A Chinese court has given British investigator Peter Humphrey and his American wife Yu Yingzeng a prison sentence of two and a half years and two years, respectively, for illegally obtaining private citizens' information, for work related to GlaxoSmithKline.
The court said Humphrey will be deported but gave no further details on the Briton. It added though that the couple are allowed to appeal against their sentences.
Last month, Humphrey and Yu were formally charged by Chinese authorities after initially being detained in China, as part of a corruption probe into foreign companies in the country's pharmaceutical sector, in August last year.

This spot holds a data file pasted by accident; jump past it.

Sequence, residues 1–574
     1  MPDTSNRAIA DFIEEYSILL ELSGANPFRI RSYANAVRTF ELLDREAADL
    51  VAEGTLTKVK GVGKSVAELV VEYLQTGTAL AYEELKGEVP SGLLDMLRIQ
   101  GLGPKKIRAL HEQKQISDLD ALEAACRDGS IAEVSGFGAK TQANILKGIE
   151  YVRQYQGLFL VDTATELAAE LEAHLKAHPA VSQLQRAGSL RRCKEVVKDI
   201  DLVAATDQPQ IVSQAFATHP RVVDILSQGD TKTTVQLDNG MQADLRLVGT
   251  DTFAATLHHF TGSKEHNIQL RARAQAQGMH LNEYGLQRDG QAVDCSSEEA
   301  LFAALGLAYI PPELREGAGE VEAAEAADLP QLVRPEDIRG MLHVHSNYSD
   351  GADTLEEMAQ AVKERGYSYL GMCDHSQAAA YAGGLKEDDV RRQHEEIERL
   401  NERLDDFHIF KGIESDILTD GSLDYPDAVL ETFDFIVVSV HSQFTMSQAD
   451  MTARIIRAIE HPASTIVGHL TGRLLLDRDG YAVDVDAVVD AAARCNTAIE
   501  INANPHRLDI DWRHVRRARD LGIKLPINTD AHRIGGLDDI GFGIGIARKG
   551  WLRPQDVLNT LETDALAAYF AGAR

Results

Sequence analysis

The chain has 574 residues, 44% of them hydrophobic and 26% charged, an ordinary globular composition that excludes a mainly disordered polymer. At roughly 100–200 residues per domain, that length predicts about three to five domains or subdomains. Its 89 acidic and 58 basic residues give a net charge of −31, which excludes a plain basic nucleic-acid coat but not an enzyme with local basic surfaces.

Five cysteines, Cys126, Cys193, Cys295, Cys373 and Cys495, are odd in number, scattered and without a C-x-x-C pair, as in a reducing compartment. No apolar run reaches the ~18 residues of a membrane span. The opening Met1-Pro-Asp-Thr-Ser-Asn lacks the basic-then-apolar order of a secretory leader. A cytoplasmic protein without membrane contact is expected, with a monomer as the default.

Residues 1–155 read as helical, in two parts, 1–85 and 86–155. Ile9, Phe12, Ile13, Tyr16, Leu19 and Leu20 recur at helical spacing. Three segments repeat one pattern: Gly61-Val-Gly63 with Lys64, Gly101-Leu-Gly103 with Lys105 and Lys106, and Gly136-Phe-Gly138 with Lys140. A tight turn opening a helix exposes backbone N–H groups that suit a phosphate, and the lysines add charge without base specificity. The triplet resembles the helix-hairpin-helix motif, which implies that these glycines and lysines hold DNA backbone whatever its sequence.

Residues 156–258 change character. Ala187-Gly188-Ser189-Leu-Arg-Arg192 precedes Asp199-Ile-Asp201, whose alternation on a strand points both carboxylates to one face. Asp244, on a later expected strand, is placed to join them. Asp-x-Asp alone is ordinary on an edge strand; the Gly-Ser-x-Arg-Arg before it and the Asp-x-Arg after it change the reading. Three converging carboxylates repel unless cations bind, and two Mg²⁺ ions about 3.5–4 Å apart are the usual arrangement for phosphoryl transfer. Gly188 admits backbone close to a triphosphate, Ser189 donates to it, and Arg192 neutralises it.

Two weeks after their arrest the pair had confessed to their illegal acts, via their company ChinaWhys, and apologised to China's government.
Chinese state television aired a public confession from British fraud investigator Peter Humphrey, who was detained along with his wife and US citizen Yu Yingzeng, though he made no mention of his former client GSK.
"The way we acquired information was sometimes illegal. I feel very regretful about it and want to apologise to the Chinese government," Humphrey said on the state television.
The couple were charged with illegally buying and selling private information by operating illegal research companies and trafficking personal info on Chinese citizens.
The court found ChinaWhys sold China citizens' information to multinational companies, financial institutions, and law firms, for more than 100,000 yuan (€12,000, £10,000, $16,000) each.
However, authorities have not made a link between GSK and the case against ChinaWhys.